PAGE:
Hosts seeking to list their available space on Neighbor must complete a lengthy questionnaire that includes identity verification. Neighbor also helps them set a price by offering suggestions based on the size of the actual space and the overall market conditions, then adds its own fee on top of the price that the hosts ask for. The total cost including both the fee and the asking price is then displayed to renters.
Neighbor seeks to price its storage units at about half the price of traditional storage facilities in the market. It also insures stored property for up to $25,000.
“When we started, we wanted to create a service that was better in every single way— price, insurance, convenience, distance — we wanted to be better on all of those [fronts],” said Woodbury.
One way Neighbor has sought to distinguish itself is by providing a quick-and-easy, user-friendly digital experience.
“The fastest-growing cohort in the storage community is millennials, and they want something they can do in one, two or three clicks,” said Woodbury, who said Neighbor has the No. 1 app in the self-storage space.
Tapping eBay and OpenTable veterans — plus $10 million in funding — to ramp up growth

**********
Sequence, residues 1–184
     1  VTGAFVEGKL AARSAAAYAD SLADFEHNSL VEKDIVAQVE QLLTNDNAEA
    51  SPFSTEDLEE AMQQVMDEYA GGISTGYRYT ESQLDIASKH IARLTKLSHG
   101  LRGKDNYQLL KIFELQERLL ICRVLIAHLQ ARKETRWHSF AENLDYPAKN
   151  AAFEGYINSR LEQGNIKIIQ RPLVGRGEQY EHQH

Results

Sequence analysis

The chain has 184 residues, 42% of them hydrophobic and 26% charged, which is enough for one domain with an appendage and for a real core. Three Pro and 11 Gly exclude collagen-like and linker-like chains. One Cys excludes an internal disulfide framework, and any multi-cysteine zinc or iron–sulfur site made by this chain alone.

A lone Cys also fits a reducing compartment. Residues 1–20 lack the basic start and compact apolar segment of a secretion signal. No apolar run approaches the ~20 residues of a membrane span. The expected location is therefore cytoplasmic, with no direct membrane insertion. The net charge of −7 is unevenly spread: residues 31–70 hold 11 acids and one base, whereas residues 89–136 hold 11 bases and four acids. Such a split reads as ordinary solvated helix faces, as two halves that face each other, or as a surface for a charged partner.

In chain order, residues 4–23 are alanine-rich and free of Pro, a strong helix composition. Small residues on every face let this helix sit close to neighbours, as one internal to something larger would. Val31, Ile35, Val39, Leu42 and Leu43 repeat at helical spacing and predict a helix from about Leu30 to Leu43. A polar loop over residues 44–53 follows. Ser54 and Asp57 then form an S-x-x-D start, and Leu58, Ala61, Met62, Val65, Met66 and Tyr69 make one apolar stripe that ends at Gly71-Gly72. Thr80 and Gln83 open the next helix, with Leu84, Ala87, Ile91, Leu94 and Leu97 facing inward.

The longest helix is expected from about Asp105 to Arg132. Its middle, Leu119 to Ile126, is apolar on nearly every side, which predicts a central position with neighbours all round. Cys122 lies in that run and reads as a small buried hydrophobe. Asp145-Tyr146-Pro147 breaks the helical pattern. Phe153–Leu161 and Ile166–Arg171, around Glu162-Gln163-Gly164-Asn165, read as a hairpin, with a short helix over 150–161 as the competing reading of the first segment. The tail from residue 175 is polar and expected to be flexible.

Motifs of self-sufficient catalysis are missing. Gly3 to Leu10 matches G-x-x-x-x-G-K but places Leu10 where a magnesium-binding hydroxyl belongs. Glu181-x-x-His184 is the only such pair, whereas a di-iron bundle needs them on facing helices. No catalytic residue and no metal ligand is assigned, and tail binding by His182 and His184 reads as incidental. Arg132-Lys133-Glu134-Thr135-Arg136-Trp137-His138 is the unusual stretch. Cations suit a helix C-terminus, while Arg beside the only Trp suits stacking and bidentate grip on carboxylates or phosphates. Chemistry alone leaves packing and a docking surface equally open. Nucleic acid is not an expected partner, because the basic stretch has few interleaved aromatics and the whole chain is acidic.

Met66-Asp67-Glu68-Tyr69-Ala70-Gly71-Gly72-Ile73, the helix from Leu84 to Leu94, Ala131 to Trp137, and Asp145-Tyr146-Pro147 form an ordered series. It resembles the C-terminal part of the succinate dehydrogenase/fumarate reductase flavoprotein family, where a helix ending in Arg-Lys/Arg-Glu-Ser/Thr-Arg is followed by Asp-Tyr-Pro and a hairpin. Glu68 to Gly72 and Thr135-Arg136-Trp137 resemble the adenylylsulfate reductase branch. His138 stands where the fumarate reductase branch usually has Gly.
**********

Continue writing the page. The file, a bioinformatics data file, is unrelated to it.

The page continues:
In January, Neighbor closed a $10 million Series A funding round led by Silicon Valley venture capital firm Andreessen Horowitz. The funding has two main purposes, according to Woodbury. First, it supplies growth capital to fuel the company’s expansion. Second, it gives the company access to business veterans from the marketplace sector who can help guide the brand as it continues to ramp up growth.
Jeff Jordan, a partner at Andreessen Horowitz who held leadership positions at peer-to-peer retail marketplace eBay and at restaurant reservations system OpenTable, joined the board of Neighbor as a result of the investment.
“He’s widely known as one of the best marketplace investors in the world,” said Woodbury. “He’s been an excellent addition, and has been helping guide us on this growth path.”
Neighbor also brought on several other executives with relevant experience to help position the company for ongoing expansion.
Because Neighbor is still in what Woodbury described as its early stages of growth, the company is largely focused on building awareness. It has taken a market-by-market approach to doing so, seeking to secure enough hosts to meet the demand of renters in the market.
“We want renters to see several options in their neighborhood and find the perfect space for their items,” said Woodbury. “They might want to store their RV, but if all they see is a bedroom and an attic, that’s not going to work.”
While the company uses various marketing channels to drive awareness and attract both hosts and renters, it also sees strong growth through word of mouth, he said. Users often discover the service and sign up months before the company has built out the market.
With demand growing, and with funding in place to fuel its strategic expansion, Neighbor is hoping to become a household name in self-storage.